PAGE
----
“I was mad because I couldn’t eat peanuts and Dumbo could. I wanted to be like Dumbo,” my dad stated to me rather matter-of-fact last weekend when we were talking about growing up with peanut allergies. My dad also grew up with a nut allergy. He still is allergic to nuts, but not as severely as when he was a child.
When my dad said this, it reminded me of how it feels to be allergic when you are a child. I remember a family friend giving me a big book about an elephant that was fed peanuts at the zoo. I would read this book and think, “don’t feed the elephants.” I knew I couldn’t touch peanuts or be close to them, so I guess that meant I could never feed elephants at the zoo. It is difficult because I remember feeling like I wanted to be able to eat what everyone else could eat. I wanted to feel like I fit in. I usually felt like I stood out with my allergies. It is difficult not to feel that way when you have to bring your own cupcakes to parties, food to friends houses, and ask questions when you order food out. I also remember sometimes feeling guilty because it seemed like a lot of work for other people.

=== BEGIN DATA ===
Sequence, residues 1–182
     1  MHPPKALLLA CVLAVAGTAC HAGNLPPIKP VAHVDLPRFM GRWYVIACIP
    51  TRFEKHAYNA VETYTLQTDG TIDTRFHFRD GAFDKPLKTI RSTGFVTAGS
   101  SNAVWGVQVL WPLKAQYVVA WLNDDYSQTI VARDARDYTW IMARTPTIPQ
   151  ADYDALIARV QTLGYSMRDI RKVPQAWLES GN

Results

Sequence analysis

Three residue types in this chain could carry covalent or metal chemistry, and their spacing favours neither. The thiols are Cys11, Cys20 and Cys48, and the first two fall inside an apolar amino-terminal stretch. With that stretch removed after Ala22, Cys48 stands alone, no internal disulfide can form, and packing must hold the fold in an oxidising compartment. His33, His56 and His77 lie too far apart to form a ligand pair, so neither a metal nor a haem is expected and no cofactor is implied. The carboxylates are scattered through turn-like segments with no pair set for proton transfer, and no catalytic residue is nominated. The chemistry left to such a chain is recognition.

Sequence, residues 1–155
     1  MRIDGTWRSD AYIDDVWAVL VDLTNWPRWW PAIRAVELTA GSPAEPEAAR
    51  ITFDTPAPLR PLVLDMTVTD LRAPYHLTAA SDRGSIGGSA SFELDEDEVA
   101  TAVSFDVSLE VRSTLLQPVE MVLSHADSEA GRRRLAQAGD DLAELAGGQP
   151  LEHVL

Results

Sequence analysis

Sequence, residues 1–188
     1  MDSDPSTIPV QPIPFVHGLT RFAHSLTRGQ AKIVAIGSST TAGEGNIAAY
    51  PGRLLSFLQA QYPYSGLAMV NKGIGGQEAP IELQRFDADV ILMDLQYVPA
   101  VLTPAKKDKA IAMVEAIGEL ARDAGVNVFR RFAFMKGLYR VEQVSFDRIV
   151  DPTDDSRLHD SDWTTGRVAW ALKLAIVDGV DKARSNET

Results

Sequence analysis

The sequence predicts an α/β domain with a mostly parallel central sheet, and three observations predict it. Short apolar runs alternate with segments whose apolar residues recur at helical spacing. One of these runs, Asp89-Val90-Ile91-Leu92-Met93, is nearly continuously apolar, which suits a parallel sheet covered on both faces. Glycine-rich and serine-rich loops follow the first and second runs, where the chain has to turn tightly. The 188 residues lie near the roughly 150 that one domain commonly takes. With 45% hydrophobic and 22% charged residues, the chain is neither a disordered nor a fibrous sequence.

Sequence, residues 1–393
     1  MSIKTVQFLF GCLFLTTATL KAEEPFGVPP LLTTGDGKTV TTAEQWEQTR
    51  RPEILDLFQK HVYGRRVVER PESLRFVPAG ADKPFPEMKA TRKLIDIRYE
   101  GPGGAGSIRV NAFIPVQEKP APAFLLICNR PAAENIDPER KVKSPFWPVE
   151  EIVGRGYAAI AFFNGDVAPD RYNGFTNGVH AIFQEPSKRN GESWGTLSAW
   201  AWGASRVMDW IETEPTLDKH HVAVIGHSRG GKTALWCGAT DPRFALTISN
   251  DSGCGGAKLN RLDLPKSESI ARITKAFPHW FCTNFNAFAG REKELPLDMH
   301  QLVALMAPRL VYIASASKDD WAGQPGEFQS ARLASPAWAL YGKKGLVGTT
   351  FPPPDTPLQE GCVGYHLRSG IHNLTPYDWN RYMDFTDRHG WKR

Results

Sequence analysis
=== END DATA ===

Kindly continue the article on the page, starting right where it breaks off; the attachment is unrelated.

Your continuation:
There were plenty of times though where I felt like I could forget about my allergies. When I was with my family when I was little I never worried about my allergies. When I was with my closest friends and their families, I rarely worried. It was only at birthday parties and summer camps where I felt like it was noticeable, and where people wondered why I couldn’t share food or eat what they ate.
Something that I think is helpful for children now is that they are in company. More likely than not, there is at least a few other kids in their class or grade that have similar allergies. This helps them to not feel alone. In a way, I think that is helpful that they don’t have to feel like the only ones. Of course, I am concerned with how many children are getting food allergies now though, especially since we have no cure at this point besides strict avoidance of the allergens!